• mk - agape and lala are trying to help. They wouldn't bother telling you these things if they didn't care. They want to be sure you understand the consequences. They have both been amazing voices on this board and have helped me immensely with my faith. I know it's hard to hear something that sounds critical and not get defensive, but I implore you to look at their intent.

    Judging actions is completely acceptable and a loving thing to do. It is often very difficult to give someone advice that they don't want to hear. Especially when you know they are likely going to hate you for it, or call you judgmental.

    I hope you stick around here because it is a great group of ladies that are helpful and supportive of each other and the faith.
  • lalaith50lalaith50
    1000 Comments Third Anniversary Name Dropper 5 Love Its
    member
    edited January 2012
    fighting powers unseen (Eph. 6:12)... the "dictatorship of relativism."
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  • chelseamb11chelseamb11
    2500 Comments Third Anniversary 25 Love Its Combo Breaker
    member
    edited January 2012
    In Response to Re: Catholic and Protestant Traditions:
    In Response to Re: Catholic and Protestant Traditions : Actually, it's kind of a big deal to deliberately cut yourself off from the fullness of Truth found in the Catholic Church.  As the Dogmatic Constitution on the Church, Lumen Gentium says, (and quoted in the catechism, 846,)  "Hence they could not be saved who, knowing that the Catholic Church was founded as necessary by God through Christ, would refuse either to enter it or to remain in it. " It goes on to say, "Those who, through no fault of their own, do not know the Gospel of Christ or his Church, but who nevertheless seek God with a sincere heart  , and, moved by grace, try in their actions to do his will as they know it through the dictates of their conscience--those too may achieve eternal salvation." Therefore, the proper answer to someone who may be considering leaving the Catholic Church is NOT "do whatever feels right," or something like that. It seems to me that the Church would have us challenge someone in this position as to how hard are they "seeking God" with all their heart, and trying to study/discern what the Church actually teaches and how that relates to what they believe. I would be amazed if there are more than 100 people in the whole world who have left the Church (or consider themselves "ex-Catholics") who have spent more time researching the Church then they do watching TV or on the internet.  The late Archbishop Fulton Sheen said it more eloquently, "There are not even 100 people in this country who hate the Catholic Church, but there are millions who hate what they think  the Catholic Church to be." OP, sorry for this bit of a threadjack, since I know it's not exactly what you were asking about, but I hope at the minimum it challenges you to examine more about what you really  believe, and more importantly, why, and even to spend some serious time and energy examining what the Church teaches and what importance you want that to play in your life, since in all honesty, attending a Catholic Church "some of the time" really doesn't cut it, according to the Church. (It's kind of an "all or nothing" deal.) Don't rely on what you were taught growing up, since the vast majority of Catholics of our generation were extremely under-catechized while growing up, and there comes a point when we need to take our faith into our own hands, and take some serious initiative.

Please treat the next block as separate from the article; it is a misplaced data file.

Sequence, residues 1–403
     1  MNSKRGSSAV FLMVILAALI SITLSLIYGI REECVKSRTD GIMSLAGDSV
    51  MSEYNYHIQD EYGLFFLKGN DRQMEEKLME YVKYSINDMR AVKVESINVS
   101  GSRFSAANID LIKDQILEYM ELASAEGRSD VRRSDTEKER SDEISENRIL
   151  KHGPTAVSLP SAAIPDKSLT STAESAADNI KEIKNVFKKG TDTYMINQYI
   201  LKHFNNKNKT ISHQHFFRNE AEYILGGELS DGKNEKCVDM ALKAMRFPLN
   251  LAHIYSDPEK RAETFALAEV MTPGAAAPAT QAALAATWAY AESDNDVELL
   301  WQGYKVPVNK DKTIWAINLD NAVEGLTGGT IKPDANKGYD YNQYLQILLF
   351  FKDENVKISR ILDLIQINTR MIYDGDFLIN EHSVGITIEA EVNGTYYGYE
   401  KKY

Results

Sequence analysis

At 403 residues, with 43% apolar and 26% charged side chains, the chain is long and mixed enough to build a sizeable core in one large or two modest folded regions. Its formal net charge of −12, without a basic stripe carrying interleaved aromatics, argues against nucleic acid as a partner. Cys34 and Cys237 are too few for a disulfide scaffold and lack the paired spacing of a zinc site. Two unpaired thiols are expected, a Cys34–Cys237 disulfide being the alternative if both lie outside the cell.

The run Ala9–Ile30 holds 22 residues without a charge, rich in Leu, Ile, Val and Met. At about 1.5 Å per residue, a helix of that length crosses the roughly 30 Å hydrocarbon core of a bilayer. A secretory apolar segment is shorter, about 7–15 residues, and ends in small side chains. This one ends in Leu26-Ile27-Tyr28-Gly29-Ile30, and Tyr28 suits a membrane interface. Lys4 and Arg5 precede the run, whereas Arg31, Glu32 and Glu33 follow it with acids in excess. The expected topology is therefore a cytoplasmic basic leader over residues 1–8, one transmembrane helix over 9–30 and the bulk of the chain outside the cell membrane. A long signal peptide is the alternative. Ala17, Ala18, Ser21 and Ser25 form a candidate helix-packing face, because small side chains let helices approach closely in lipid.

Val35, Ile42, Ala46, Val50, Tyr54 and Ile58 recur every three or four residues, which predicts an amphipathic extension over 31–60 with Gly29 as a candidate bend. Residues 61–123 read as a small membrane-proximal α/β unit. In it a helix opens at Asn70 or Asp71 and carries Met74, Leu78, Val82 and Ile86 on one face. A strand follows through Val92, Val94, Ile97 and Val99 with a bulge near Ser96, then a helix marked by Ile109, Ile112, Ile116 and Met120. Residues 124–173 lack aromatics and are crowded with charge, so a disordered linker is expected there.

Posted by lalaith50
    I completely get this but I disagree about her leaving.  If her beliefs don't align with the Catholic Church and she doesn't feel at home there, I think it's better to go regularly to a protestant church that you feel good in than to go rarely to a Catholic Church that you don't agree with. 

    My parents must be 2 of those 100 then.  They left the Catholic church (and took me and my brothers with them) when I was 12.  I came back to the Church when FI and I started dating and realized it was where I needed to call home.  I was confirmed at Easter Vigil last spring.

    However, as much as we believe that our way is the Truth, we can't force that on anyone.  If she feels more comfortable at a protestant church, I don't see the big deal.  I think it's horrible (and hypocritical) to attend a church every week that you don't even believe in.

    ETA: I'm all for showing someone the Truth and the Light.  But the minute you say "NO YOU CAN'T GO. WE ARE RIGHT" is when people get really defensive and shut down completely rather than being opening to figuring out what is right.
  • agapecarrieagapecarrie
    Sixth Anniversary 1000 Comments 25 Love Its Combo Breaker
    member
    edited January 2012
    In Response to Re: Catholic and Protestant Traditions: